As mentioned, the alignment method used in the invariance analysis allows an unbiased comparison of the latent means between countries. In a complementary manner, this comparison was also made with the observed means. Although this procedure is methodologically inferior to the alignment method, it was applied to facilitate a simpler interpretation of the mean comparisons. Specifically, standardized mean differences were calculated with Cohen’s d index, which were interpreted considering the classic guide of 0.20, 0.50 and 0.80 as cut-off points for small, medium and large differences, respectively (Cohen, 1992).

The analyses were implemented in the R 4.0.3 program. For the CFA, the package lavaan 0.8–8 was used. For the alignment method, the sirt 3.9–4 package was used. Finally, the GRM was performed with mirt 1.33.2. The scripts used in this study can be seen at:


Preliminary analyses

Table 2 presents the descriptive statistics for each item of the COVID-SCORE. In general, people tended to show less acceptance of the item 1 (The government helped me and my family meet our daily needs during the COVID-19 epidemic in terms of income, food, and shelter), while item 10 had a greater acceptance (The government cooperated with other countries and international partners such as the World Health Organization (WHO) to fight the COVID-19 pandemic). As for the skewness and kurtosis values, most of them are within the range between -1 and -1, or very slightly outside this range.

Table 2 Item-level descriptive statistics of the COVID-SCORE

When proceeding with the CFA, an acceptable fit was observed in almost all countries (Table 3). The most notable exception was Uruguay, especially in relation to the TLI and RMSEA. In examining possible modifications, no conceptually defensible respecification was identified. Therefore, it was decided to continue with the initial model, even with the suboptimal fit for Uruguay. Table 3 also presents the factor loadings and internal consistency reliability. For the latter, values between 0.86 (Mexico) and 0.93 (Ecuador) were found, indicating adequate reliability.

Table 3 CFA’s fit indices, factor loadings and internal consistency reliability of the COVID-SCORE

Approximate measurement invariance

Table 4 presents the results of the approximate invariance analysis with the alignment method. As can be seen, in no case are there marked deviations concerning factor loadings. On the other hand, when intercept invariance is examined, it is not satisfied in 23.1% of the cases. It should be noted that this value is just below our a priori criterion (25%). Therefore, it is decided that the invariance between countries is approximately fulfilled, but this result should be taken with caution due to the closeness between the observed percentage of non-invariant intercepts and the pre-established maximum limit.

Table 4 Approximate measurement invariance of the COVID-SCORE using the alignment method

By maximizing the invariance in the data, the alignment method allows for the comparison of scores, which can be seen in the last row of Table 4.

Graded response model

Next, a GRM was applied to the COVID-SCORE items. As shown in Table 5, the items with the least discrimination were 1 and 3, while the most informative was item 6. Regarding the difficulty parameters, it is observed that item 1 was the most “difficult”, since even average values of the construct (θ ≈ 0) were associated with a 50% probability of answering the lowest option, whereas values of 2 SD above the average were required to have 50% probability of answering the highest option. In all other cases, some variation in the spectrum of the construct covered was observed.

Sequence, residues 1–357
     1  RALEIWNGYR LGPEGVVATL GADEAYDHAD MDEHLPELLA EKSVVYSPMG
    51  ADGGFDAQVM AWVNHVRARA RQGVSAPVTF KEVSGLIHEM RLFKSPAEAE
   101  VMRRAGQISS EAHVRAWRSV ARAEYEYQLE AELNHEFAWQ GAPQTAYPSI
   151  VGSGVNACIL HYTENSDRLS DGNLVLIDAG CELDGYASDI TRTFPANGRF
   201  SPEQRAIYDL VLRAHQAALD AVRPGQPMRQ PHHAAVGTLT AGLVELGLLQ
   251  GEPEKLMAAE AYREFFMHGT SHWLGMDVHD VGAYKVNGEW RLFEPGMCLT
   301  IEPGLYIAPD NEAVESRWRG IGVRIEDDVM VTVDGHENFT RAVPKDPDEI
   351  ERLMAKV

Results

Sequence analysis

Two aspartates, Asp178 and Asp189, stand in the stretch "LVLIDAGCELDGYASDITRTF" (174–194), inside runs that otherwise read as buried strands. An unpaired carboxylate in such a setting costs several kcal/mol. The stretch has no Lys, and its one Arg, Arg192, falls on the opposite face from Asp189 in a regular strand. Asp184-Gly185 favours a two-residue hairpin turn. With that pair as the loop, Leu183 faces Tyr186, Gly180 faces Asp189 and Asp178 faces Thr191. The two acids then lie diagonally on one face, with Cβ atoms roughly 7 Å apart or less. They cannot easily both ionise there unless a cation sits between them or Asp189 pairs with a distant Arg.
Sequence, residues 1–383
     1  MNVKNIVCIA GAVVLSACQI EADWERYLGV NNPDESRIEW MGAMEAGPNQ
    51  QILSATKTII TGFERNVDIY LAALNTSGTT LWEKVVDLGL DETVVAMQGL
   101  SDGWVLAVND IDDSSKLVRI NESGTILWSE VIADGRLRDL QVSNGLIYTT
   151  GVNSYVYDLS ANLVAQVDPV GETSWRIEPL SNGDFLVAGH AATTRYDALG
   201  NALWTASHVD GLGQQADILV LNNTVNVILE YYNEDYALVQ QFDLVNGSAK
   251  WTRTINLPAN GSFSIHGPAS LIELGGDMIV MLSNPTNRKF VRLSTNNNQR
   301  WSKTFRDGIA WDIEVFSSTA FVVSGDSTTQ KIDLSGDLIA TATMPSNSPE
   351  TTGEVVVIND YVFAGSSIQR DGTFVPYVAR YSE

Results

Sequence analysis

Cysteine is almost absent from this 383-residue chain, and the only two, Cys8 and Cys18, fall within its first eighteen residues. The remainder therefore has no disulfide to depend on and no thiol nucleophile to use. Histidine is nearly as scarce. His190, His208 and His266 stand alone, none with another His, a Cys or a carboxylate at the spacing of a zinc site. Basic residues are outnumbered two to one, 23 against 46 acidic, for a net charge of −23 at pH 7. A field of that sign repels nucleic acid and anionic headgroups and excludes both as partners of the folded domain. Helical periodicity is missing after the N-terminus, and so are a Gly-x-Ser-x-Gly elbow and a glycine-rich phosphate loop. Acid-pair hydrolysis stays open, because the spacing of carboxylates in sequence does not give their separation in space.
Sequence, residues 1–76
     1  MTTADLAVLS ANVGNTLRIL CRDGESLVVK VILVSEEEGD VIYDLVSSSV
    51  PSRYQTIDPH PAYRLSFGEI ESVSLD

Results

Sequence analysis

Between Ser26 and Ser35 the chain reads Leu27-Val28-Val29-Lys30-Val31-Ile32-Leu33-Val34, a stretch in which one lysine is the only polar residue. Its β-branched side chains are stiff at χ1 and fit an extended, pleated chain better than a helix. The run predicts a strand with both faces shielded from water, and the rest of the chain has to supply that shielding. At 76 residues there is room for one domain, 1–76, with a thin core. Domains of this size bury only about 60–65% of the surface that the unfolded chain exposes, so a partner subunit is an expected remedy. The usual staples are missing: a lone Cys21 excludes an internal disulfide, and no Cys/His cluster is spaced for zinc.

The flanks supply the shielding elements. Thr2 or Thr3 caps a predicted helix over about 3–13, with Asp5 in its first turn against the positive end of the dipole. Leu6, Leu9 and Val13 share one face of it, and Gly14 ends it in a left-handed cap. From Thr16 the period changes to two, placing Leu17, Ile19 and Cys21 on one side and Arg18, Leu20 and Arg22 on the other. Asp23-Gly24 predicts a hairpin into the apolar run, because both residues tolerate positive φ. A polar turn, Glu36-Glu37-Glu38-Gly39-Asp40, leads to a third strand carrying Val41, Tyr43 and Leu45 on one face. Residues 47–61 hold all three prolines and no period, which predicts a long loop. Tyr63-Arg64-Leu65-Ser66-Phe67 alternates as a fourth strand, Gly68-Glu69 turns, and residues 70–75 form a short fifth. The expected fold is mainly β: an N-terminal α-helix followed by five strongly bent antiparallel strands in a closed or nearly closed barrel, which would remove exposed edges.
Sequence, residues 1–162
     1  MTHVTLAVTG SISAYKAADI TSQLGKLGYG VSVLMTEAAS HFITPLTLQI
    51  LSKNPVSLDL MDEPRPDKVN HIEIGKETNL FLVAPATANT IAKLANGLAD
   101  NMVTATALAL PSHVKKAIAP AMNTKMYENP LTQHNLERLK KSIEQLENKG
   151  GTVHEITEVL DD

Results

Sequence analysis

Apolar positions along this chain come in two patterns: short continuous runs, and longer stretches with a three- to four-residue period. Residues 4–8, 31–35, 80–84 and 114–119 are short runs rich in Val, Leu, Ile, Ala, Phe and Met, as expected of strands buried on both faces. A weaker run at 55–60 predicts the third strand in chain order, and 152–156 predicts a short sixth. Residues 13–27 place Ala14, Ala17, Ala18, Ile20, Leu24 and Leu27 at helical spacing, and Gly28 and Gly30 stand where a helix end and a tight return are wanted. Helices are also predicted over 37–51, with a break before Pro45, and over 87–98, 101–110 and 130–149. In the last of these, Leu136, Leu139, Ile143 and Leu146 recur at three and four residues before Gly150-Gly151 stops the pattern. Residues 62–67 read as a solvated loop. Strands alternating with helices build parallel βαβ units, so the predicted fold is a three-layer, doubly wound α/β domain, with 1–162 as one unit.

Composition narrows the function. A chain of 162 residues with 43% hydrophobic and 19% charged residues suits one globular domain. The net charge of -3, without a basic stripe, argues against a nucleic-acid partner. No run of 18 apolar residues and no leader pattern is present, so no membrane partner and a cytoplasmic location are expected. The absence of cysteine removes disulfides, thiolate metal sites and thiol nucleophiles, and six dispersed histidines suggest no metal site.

Table 5 Graded response model parameter estimates for the COVID-SCORE

Based on the GRM parameters, information curves were constructed for each item of the COVID-SCORE (Fig. 1). These curves allow us to identify that items 6 and 7 are the most informative, especially at θ values close to the average. Taken together, the information curves demonstrate that the COVID-SCORE scores are more reliable at values close to the average of the latent variable.

Fig. 1
figure 1

Item information curves of the COVID-SCORE

Mean comparison across countries

When examining invariance with the alignment method, a comparison was already made between the latent measures of the variable perception of the actions carried out by the government. However, it was also decided to perform, in a complementary manner, a comparison between the transformed scores of the COVID-SCORE-10. In doing so, it was observed that the participants with the most positive perceptions of government actions to address the pandemic were Cuba, Uruguay and El Salvador (the differences between the three countries were small to negligible, ds < 0.50). On the other hand, the participants with the lowest positive perception were those from Venezuela, Guatemala and Bolivia (also ds < 0.50 among the three). Figure 2 shows boxplots that graphically represent these differences.

Fig. 2
figure 2

Boxplots comparing observed scores of the COVID-SCORE


Due to the cross-cultural use of the COVID-SCORE-10 in different populations, the study aimed to assess whether the results are comparable between different countries by evaluating the MI of the scale. In particular, the cross-cultural replicability of the COVID-SCORE-10 was tested in 13 Spanish-speaking countries in Latin America and the Caribbean.